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How start-ups can manage uncertain times: Insights from leading European venture capitalists

| Interview

From COVID-19 to rising inflation to increasing energy costs related to the war in Ukraine, start-ups are experiencing an unprecedented and challenging environment. Investors have become more cautious about deploying funding, and they are questioning the value of many hypergrowth business models. In the first half of 2022, the number of successful global IPOs dropped by about 50 percent compared with the previous year,1 leaving start-ups uncertain about how to continue their equity story and fuel further growth.

McKinsey’s Markus Berger-de León and Jerome Königsfeld sat down with some of Europe’s leading venture capitalists (VCs)—Florian Heinemann, founding partner at Project A Ventures; Christian Saller, general partner at HV Capital; Jenny Dreier, investor at EQT Ventures; and Alex von Frankenberg, managing director of High-Tech Gründerfonds—to get their outlook on the next two years and discuss what European incumbents, VCs, and start-ups can do to emerge from these uncertain times stronger than before.

Key insight #1: Growth will continue to slow, but a second dot-com bust is unlikely.

Jerome Königsfeld: What is your outlook for the next two to three years? How do the current challenges compare with previous crises such as the 2000 dot-com bust or the 2008 global financial crisis?

Florian Heinemann: From an economic perspective especially, the rising inflation is worrying. This was not the case in Europe in 2000 and 2008, where economic effects could widely be mitigated by a liberal monetary policy. The challenge now is that with current double-digit inflation rates, this mechanism is on pause. Over time, inflation is likely to negatively influence consumer sentiment, which would be especially challenging for consumer brands. While it’s difficult to predict how long the current situation will last, I am optimistic that, for the start-up ecosystem, it will not be as bad as the dot-com collapse.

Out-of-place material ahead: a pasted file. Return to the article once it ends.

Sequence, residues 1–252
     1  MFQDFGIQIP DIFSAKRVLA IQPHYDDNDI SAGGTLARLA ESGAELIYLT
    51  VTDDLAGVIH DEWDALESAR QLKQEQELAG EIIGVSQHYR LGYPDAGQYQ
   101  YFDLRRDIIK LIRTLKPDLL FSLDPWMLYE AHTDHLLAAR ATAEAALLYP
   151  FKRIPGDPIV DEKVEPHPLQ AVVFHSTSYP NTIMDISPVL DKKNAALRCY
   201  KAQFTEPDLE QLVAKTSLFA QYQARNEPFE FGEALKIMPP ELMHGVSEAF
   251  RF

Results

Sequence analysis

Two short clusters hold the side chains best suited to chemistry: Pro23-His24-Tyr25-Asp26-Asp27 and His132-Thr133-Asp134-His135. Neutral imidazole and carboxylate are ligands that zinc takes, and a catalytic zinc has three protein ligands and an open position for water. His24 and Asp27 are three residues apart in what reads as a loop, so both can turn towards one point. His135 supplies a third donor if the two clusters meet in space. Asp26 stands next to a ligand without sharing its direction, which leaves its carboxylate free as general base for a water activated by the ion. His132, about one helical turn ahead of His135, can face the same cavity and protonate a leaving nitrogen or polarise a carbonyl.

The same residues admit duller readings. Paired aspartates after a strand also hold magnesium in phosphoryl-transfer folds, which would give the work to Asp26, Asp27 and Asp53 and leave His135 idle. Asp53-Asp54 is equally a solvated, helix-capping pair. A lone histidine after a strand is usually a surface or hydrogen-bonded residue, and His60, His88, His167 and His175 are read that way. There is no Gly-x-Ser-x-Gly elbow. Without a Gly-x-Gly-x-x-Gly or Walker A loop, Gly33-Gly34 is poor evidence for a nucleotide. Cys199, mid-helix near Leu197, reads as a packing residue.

Christian Saller: If you look at available money within VC funds today, we are at an all-time high, and this money needs to be deployed at some point. This was not the case during previous financial crises. Business models are also more solid today than during the dot-com bubble. Most start-ups paid attention to unit economics before the current crises and have fallback options for slower and more sustainable growth. Of course, in some cases, such as quick commerce, there may not be a clear path to profitability, which will become more challenging as the crises continue.

Key insight #2: Funding will remain available, especially for early-stage companies and scale-ups that can prove sustainable unit economics.

Markus Berger-de León: What’s your view on funding? What start-ups will still get funding, and who will dry out?

Jenny Dreier: The funding market has tightened over the past few months, especially in the United States. However, this might be temporary, as VCs are sitting on a record pile of committed capital. There is still plenty of funding available for early-stage rounds. When we look at how start-ups approach funding now, the main difference is that companies are raising money for longer runways and considering the path toward profitability more than they did two years ago. VCs need to be willing and able to make longer-term investments and provide additional capital for follow-on rounds if needed.